Ben Hanley relieved to make Indy 500 debut

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Qualifying for the Indy 500 is never an easy task, especially for a new driver and team, and with 36 cars vying for 33 starting positions last weekend, 34-year-old rookie Ben Hanley knew there was a chance he and his DragonSpeed team would not make the show.

“I wouldn’t say we were very confident, but we wanted to [make the field],” Hanley told NBC Sports. “The biggest thing we were trying to achieve was to not be on track on Sunday in the shootout because it only takes one mistake or one little issue and that’s it, you’re not in the race.”

But Hanley would not have to worry about being bumped from the field. He qualified 27th after making three attempts on Day 1, which was enough to lock the No. 81 team into the show. Not too shabby for a driver and team making only their third NTT IndyCar Series start.

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“That last run everything just came together,” Hanley said. “We trimmed out a little bit more and found a good balance of trim and grip over four [qualifying] laps and it was enough to get us through.

“It was a huge relief to get through in P27. A massive achievement for everybody involved.”

Indeed it was a massive achievement, as DragonSpeed is one of the smallest teams in the garage, with no corporate sponsors and a tiny team of around 20 personnel. Many of those were picked up by the team just a week before qualifying, when members of the team’s regular crew were denied entry into the United States due to visa issues after leaving a sports car race in Italy.

“It was all down to the team organizing some people who were in and around Indianapolis who weren’t needed for the race weekend,” Hanley said. “Obviously, I don’t think many people are going to refuse the chance to work on a car that’s trying to qualify for the 500.”

Though the team made its first Indy 500 on Day 1 of qualifying, the DragonSpeed team did not spend Saturday night out late celebrating. Instead, Hanley said the extra time was spent preparing for the race.

“We went straight on to race prep then for the car, so Sunday was a good day for the guys to take time to prep the car into the race spec and get everything sorted out in a nice, organized manner.”

Following the Indy 500, DragonSpeed will run two other races this season at Road America and Mid-Ohio. The team is hopeful that a good run at Indy will result in an opportunity to run a bigger schedule next season and attract sponsors.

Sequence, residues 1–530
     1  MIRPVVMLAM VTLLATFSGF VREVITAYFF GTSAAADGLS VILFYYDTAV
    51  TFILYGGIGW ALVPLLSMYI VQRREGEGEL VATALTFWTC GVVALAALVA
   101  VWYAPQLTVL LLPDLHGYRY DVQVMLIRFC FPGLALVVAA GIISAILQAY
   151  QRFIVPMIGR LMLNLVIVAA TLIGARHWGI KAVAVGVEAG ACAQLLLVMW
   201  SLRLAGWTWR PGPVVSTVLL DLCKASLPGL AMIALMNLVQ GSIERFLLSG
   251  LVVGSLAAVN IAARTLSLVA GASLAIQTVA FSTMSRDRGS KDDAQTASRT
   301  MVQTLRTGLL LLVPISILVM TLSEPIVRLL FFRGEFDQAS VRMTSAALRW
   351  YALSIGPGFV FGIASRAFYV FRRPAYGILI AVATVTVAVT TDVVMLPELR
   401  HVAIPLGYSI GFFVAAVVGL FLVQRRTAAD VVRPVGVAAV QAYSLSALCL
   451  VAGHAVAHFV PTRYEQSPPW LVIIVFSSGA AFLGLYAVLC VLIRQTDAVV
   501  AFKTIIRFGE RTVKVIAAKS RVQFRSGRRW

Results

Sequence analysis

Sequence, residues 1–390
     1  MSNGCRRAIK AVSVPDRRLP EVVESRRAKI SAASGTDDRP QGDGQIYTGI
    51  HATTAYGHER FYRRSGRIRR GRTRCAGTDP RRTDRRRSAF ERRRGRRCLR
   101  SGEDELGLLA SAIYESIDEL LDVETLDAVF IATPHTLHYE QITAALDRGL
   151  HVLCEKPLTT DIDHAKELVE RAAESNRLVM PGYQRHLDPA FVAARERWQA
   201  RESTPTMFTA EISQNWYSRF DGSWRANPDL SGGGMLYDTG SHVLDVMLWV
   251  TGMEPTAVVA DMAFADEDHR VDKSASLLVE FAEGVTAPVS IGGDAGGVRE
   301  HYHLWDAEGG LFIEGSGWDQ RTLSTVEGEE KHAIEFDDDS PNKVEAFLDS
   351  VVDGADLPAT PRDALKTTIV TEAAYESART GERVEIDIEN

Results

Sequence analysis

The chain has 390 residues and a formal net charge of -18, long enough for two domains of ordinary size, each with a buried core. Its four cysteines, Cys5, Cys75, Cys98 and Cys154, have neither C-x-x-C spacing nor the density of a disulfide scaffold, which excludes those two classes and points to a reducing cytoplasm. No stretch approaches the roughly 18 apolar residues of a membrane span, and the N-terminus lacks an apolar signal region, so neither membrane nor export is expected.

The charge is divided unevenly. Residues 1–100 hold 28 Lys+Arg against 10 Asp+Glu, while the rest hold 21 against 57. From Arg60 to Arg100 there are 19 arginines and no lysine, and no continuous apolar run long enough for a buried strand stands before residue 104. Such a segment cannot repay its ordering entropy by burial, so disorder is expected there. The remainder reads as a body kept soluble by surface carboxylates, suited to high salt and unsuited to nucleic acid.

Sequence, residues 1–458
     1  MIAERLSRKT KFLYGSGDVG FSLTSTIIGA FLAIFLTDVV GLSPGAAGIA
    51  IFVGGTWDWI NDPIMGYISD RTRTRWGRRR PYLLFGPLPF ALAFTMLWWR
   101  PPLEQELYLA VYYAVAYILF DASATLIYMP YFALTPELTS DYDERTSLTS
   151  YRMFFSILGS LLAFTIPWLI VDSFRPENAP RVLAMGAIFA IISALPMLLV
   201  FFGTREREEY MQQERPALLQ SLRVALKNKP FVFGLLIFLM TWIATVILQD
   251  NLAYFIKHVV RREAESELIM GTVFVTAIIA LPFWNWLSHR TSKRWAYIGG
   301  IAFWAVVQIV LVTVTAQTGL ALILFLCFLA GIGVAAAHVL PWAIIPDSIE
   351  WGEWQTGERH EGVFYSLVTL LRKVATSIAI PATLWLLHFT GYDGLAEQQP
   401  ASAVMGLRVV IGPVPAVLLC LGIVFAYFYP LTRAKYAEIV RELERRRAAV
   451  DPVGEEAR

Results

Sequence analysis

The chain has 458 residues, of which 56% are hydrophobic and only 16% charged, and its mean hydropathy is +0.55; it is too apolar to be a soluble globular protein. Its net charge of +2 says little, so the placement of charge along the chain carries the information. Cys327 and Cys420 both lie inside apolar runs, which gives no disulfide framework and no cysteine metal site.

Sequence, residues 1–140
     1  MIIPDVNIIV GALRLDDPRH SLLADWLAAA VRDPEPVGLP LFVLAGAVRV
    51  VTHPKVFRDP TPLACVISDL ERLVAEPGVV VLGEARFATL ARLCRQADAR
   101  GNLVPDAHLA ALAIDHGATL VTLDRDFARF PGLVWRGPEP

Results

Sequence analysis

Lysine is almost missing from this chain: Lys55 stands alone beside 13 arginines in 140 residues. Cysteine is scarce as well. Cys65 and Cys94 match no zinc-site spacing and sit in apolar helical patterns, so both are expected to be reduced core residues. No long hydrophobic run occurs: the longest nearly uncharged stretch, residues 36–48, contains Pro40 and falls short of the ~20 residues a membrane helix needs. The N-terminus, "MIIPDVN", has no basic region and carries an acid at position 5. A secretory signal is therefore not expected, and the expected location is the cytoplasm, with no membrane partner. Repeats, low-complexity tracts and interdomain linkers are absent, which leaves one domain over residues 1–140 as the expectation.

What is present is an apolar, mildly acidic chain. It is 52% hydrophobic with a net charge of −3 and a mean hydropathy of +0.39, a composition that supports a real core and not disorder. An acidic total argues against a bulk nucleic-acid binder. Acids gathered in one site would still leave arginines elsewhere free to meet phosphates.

Hanley stated that though he’s happy to have made the Indy 500 starting grid for the first time in his career, the magnitude of his feat hasn’t hit him yet.

“It hasn’t really soaked in yet,” he said. “I think it will soak in on Sunday when we roll out to the grid.

“It was such a huge relief to not be involved in Bump Day. Even just watching [Bump Day] it was intense, especially with the weather. I couldn’t even imagine what it would be like to be involved in that.”

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Keating stripped of Le Mans GTE-Am win; No. 68 Ganassi entry also disqualified

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FIA stewards announced Monday that two Ford GT entries have been disqualified from this year’s 24 Hours of Le Mans, including the GTE-Am class-winning No. 85 entry from privateer Keating Motorsports.

Also DQ’d was the factory No. 68 Chip Ganassi Racing entry of Joey Hand, Dirk Mueller and Sebastien Bourdais, which initially finished fourth in the GTE-Pro class.

Both entries were found in violation of fuel capacity regulations, with the No. 85 entry also failing to meet the minimum refueling time during pit stops.

The refueling system on the No. 85 entry, driven by Ben Keating, Jeroen Bleekemolen and Felipe Fraga, measured a time of 44.4 seconds during a stop, just shy of the minimum required time of 45 seconds.

As a result, the team was initially issued a 55.2-second post-race penalty by officials, which elevated the No. 56 Team Project 1 Porsche 911 RSR of Joerg Bergmeister, Patrick Lindsey, and Egidio Perfetti to the class win.

The time penalty was calculated by the difference in the refueling time (0.6 seconds) multiplied by the amount of pit stops made by the team (23), then multiplied by four.

The No. 85 entry was set to finish second in class, but then received an outright DQ after its fuel capacity was also revealed to be 0.1 liters above the maximum permitted capacity of 96 liters.

As for Ganassi’s No. 68 entry, it was found to have a fuel capacity of 97.83 liters, which is above the maximum allowed capacity of 97 liters for the GTE-Pro Fords.

The No. 67 Ford of Andy Priaulx, Harry Tincknell, and Jonathan Bomarito subsequently moves up to fourth, and the No. 69 Ford of Scott Dixon, Ryan Briscoe and Richard Westbrook moves up to fifth.

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